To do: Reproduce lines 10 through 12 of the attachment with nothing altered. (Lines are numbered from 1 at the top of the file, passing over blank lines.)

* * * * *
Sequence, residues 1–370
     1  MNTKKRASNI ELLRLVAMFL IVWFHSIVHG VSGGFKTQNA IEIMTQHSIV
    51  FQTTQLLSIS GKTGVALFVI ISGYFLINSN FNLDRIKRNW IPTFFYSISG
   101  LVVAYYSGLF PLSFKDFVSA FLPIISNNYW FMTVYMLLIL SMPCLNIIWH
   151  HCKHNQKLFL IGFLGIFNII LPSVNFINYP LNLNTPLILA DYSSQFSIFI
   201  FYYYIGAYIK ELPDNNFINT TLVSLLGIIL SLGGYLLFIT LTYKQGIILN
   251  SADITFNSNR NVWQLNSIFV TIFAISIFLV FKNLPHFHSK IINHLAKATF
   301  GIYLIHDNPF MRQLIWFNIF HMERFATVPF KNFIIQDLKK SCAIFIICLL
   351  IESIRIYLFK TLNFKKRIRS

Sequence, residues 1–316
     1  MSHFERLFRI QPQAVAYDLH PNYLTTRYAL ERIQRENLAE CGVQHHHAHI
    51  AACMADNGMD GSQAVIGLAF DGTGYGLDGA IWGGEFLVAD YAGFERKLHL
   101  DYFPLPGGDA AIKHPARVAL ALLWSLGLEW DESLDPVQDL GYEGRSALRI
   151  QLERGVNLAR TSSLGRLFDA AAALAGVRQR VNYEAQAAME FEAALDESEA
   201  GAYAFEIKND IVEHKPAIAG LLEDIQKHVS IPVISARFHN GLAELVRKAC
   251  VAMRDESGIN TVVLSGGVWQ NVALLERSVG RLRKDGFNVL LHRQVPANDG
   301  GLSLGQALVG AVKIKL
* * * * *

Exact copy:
Sequence, residues 1–316
     1  MSHFERLFRI QPQAVAYDLH PNYLTTRYAL ERIQRENLAE CGVQHHHAHI
    51  AACMADNGMD GSQAVIGLAF DGTGYGLDGA IWGGEFLVAD YAGFERKLHL